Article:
Nearly half of advertising industry employees (47%) say their morale is either "dangerously low" (16%) or "low" (31%) -- up 36% from 2015 when just 34% of workers said their morale was "dangerously low" (8%) or "low" (26%), according to the second annual Campaign US Morale Survey.
There appears to be a mid-career dip in morale: Respondents making between $101,000 and $250,000 are more likely to have low morale than high. Those who have been in the industry less than five years were twice as likely to say they have high morale than low; the same is true of those making less than $50,000 a year.
The cause of their unhappiness remains consistent with last year's results. Workers overwhelmingly say "company leadership" is the top factor contributing to their dissatisfaction (73%). More than half of those with low morale (58%) rated the leadership at their company as “inadequate,” while only 3% rated it as “exceptional.”
The other top two reasons are “lack of advancement” (45%) and “dissatisfaction with work” (38%). The least-cited causes were “lack of diversity” (13%) and “company performance” (14%).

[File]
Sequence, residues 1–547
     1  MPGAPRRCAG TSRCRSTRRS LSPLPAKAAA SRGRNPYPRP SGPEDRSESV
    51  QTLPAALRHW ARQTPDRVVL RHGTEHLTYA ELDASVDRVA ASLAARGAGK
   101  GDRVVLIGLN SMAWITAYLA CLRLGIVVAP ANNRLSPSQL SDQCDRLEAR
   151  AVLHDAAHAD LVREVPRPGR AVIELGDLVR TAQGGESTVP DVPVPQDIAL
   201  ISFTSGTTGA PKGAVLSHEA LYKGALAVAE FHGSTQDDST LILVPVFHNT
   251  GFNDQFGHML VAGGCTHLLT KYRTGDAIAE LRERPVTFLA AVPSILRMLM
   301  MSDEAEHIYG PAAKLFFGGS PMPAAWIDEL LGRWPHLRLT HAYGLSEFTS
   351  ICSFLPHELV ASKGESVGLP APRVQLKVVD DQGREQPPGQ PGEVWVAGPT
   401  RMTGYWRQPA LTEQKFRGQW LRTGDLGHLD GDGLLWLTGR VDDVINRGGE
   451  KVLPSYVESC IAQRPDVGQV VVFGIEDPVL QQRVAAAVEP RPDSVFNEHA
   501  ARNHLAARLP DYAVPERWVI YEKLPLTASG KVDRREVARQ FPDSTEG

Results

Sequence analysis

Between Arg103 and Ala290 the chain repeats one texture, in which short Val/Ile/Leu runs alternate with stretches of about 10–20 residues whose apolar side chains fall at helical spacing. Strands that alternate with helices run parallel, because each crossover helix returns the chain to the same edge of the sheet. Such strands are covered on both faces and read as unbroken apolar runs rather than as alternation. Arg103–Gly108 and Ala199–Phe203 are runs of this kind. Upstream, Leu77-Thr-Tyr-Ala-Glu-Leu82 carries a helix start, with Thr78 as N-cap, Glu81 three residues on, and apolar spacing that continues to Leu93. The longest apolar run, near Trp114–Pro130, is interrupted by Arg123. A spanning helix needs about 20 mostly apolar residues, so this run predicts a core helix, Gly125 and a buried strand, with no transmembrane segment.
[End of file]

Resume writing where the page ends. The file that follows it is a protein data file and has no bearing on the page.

Unhappy workers are attempting to make some changes with 63% saying they are actively job hunting.
While unhappy workers express their frustrations toward the executive suite, employees with high morale, on the other hand, claim very different causes for their mood. Those who rated their morale as “satisfactory” (22%), “good” (20%) or “excellent” (12%) most often cite “work/life balance” (62%) as the prime reason. “Satisfaction with work” is second with 49% and “creative freedom” is third with 44%. Those rankings closely mirror 2015’s findings, when “work/life balance” was also named the leading cause of high morale.
There is no correlation between gender and morale. Black or Hispanic employees are slightly more likely to have low morale than high, although the respondents were so overwhelmingly white — about 85% — that the remaining sample size is too small for meaningful analysis, says Campaign.
“Conversations with people at all levels of the industry reveal widespread frustration and even despondence about the industry and their own jobs," stated Douglas Quenqua, editor in chief, Campaign US. "But seeing the numbers really crystallizes how serious an issue this is for advertising, particularly as it fights with other industries for tech and creative talent.”
Some 61% of respondents worked for a creative agency, 13% for a brand and another 13% for a media agency. The rest were split between social platforms, publishers and freelancers. The survey, which received 294 responses, was conducted online during the month of September 2016.